Stones Roses prove PR success can be simple
Wednesday, June 1st, 2016
Manchester indie band create PR success with simple technique
IT’D be hard to believe that a poster with nothing but a lemon on it could cause so much online and offline excitement that it’d dominate the internet for days and lead to people doing mad things like having lemons tattooed on their body. That’s a PR Success.
It all started with posters popping up in places all over Manchester, London, Glasgow, Newcastle and Leeds. These posters featured nothing but a lemon.
To the uninitiated this poster would mean nothing. To those who know their Waterfall from their Fools Gold this was a sign. A sign of a third coming.
The posters were of the Stone Roses infamous lemon. This symbol was first used in 1989 this was part of their effort to launch their debut album, The Stone Roses. So what did this mean? People all over the country not just in Manchester were questioning what this meant. Warm up shows? New Album? Both?
Is everyone else excited or is it just us? #stoneroses
— PG Liverpool (@PG_Liverpool) May 12, 2016
New stone roses single at 8pm! I just let out some wee I'm that excited!! ???????????????????????????????????????????
— Craig Trudgill (@CraigTrudgill) May 12, 2016
Online discussion raged on for days until the grand reveal, The Stone Roses announced a new song, ‘All for One’. In an age of online streaming, dwindling album sales and bands being hit in the pocket – The Stone Roses defied the indifference often placed upon bands in a new media age.
I for one was so excited by this, having already booked concert tickets and being overjoyed at their releasing of a new song that I went and received a permanent celebration of my love for the band, I got a tattoo .
I wasn’t the only one. In fact, huge swathes of the internet focused on sharing of tattoos and other celebrations of the excitement that you could only feel when a band releases their first new song in over 20 years.
Excitement was in every Stone Roses fan’s body. The same happened In November last year. There was the same sort of feeling when the band announced that they would be playing 4 nights at the Etihad in Manchester. This isn’t just a one off, this is an ongoing phenomena. Every single time the band wants to create a buzz, all they need to do is spend a little cash on a guerrilla marketing campaign and speculation drives anticipation and then drives delirious behaviour, the world over. The bands PR team must be buzzing at the fact that they have generated so much hype twice by using the same simple PR technique.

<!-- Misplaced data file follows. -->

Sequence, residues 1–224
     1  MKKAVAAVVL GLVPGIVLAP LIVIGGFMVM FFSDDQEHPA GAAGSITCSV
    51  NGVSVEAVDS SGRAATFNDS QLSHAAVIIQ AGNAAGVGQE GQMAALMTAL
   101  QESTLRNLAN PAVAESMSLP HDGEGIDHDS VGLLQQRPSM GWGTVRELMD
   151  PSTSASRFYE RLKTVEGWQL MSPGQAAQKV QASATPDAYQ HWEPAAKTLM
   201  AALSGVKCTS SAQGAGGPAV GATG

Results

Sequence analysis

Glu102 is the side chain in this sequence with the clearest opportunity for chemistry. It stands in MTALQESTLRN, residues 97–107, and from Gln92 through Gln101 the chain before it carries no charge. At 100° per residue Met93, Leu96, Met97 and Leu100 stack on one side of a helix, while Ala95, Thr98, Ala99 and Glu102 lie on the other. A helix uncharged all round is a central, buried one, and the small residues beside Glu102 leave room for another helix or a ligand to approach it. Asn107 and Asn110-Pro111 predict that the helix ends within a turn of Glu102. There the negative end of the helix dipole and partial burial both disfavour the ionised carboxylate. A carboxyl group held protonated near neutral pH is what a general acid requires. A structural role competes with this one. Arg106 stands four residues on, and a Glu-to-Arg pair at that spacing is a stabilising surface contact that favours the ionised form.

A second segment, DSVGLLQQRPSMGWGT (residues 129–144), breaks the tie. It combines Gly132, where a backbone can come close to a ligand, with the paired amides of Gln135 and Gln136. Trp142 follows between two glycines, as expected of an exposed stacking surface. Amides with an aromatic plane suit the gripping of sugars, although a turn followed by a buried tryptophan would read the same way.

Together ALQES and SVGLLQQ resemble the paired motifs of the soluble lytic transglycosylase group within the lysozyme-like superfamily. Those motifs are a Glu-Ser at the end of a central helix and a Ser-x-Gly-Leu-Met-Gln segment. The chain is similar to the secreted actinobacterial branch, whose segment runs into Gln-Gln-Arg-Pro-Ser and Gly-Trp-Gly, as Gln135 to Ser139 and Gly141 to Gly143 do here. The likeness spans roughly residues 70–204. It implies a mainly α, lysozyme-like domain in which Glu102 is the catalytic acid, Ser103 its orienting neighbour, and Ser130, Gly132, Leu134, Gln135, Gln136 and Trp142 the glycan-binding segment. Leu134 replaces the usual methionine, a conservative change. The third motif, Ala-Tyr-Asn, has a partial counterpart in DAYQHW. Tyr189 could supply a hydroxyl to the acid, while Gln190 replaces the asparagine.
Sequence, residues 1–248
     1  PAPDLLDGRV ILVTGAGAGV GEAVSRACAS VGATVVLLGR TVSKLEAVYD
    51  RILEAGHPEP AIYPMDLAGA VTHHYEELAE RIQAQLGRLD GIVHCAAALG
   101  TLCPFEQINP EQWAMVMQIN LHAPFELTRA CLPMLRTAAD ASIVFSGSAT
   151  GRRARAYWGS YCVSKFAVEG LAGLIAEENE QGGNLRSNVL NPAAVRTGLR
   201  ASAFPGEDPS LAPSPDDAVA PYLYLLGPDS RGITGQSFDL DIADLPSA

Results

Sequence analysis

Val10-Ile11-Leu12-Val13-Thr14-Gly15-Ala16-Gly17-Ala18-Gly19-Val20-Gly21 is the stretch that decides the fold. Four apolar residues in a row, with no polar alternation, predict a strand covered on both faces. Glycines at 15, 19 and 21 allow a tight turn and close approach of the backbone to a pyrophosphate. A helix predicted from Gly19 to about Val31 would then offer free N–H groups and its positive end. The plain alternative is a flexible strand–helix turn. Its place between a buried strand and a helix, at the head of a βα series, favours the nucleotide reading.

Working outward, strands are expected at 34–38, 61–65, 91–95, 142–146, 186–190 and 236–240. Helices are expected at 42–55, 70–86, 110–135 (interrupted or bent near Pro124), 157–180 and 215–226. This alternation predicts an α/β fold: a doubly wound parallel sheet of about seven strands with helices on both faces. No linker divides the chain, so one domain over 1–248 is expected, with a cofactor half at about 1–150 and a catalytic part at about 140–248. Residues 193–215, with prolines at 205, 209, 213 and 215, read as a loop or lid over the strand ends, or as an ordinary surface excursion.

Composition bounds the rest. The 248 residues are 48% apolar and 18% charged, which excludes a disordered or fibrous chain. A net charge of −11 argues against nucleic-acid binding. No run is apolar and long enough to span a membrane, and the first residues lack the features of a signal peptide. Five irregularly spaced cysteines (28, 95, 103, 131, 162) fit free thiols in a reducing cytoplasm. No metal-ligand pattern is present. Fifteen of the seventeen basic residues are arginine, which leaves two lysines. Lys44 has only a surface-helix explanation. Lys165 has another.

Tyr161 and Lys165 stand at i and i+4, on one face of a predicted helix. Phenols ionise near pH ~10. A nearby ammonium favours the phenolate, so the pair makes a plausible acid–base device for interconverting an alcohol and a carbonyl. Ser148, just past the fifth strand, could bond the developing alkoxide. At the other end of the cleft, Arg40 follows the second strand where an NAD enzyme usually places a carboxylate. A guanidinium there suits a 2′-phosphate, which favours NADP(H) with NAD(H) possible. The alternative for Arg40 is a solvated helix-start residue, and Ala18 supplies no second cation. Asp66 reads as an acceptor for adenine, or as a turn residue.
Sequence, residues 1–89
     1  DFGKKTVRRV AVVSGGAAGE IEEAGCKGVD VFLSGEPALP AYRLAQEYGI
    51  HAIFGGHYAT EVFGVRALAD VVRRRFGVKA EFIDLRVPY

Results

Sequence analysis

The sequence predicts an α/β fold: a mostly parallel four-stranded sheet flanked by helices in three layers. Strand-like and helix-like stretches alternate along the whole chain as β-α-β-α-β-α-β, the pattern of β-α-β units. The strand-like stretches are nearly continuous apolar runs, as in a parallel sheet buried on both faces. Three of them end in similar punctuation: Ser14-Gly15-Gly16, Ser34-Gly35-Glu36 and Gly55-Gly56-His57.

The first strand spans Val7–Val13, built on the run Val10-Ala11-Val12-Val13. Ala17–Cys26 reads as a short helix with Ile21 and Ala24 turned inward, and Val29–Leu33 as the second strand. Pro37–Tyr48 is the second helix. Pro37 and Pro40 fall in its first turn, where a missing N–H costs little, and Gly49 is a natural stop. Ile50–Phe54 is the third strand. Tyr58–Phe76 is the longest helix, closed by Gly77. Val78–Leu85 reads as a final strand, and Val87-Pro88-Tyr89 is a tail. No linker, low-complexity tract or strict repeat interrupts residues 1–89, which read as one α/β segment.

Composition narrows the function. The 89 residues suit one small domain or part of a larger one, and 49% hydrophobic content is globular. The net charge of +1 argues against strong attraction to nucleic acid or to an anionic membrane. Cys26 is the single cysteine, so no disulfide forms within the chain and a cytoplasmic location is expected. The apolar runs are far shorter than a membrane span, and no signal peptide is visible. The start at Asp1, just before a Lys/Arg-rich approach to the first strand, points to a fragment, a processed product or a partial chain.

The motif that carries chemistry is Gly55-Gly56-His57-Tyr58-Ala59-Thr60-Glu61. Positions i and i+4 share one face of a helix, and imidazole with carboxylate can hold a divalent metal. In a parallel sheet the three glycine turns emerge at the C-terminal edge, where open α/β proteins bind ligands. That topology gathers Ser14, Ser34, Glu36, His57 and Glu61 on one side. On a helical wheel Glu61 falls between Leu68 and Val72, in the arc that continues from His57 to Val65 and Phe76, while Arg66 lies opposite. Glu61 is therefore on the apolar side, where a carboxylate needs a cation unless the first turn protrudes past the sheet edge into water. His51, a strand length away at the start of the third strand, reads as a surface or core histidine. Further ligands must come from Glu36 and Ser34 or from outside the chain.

In the age of short attention spans, it’s practically impossible to capture the publics attention for any length of time. You see megastars like Kanye West, allegedly faking ‘Twitter meltdowns’ You see Taylor Swift pulling her music from the biggest streaming service on the internet, to drive sales. You even have legendary groups like the Wu Tang Clan(check this) auctioning off unique albums to the highest bidder. That didn’t go down too well. See here.
So, the fact that a band from the 80’s can still hold such dominance with the simplest of PR techniques shows that this timeless way of engaging an audience still holds the key to your business desires.
What makes this so effective?
The reason it’s so effective and it’s worked so well is because it’s simple.
Everyone I knew wouldn’t stop talking about what it could potentially be. Even the people who don’t like the band. I was over the moon with the announcement in November that I even cancelled a holiday as it clashed with the gig, I wasn’t missing my favourite band! Especially not when I’d had their symbol tattooed on me.
Thanks to the lemon appearing on the first album that they released that has become a symbol of the band. The lemon itself is a reference to the line “citrus-sucking sunshine” in ‘Bye Bye Badman’, which in turn was inspired by the time Ian Brown (a member of the band) met a Frenchman who’d been part of the 1968 Paris student uprisings. He told them how the protesters had bitten down on lemons to overcome the effects of teargas.
More proof of the success of this technique is that companies were jumping on the bandwagon by using the image to sell their products.
— Martin Harris (@Martin_HarrisPR) May 20, 2016
It’s not only 80’s bands that can use this technique. There are other brands that have logos or mascots that are so easily recognisable.
The PG Tips monkey was sent down the Thames in London. People knew what it was and what product it was advertising.
Like the lemon posters it wasn’t too complicated it was very simple and basic.
How can my business benefit from a simple PR message?
We here at Holyrood PR specialise in achieving award winning objective-lead PR campaigns that recognise and fulfil our client’s goals. We helped Commsworld and CityFibre announce their Edinburgh Gigabit City project last year. This was all achieved through a simple strategy that has been honed to perfection by our expert team of PR professionals. This is what we do, much in the same way that Brown sings and Squire plays guitar.
Find out how to harness the power of PR for your business, without having to pen award winning chart hits. Contact us now:
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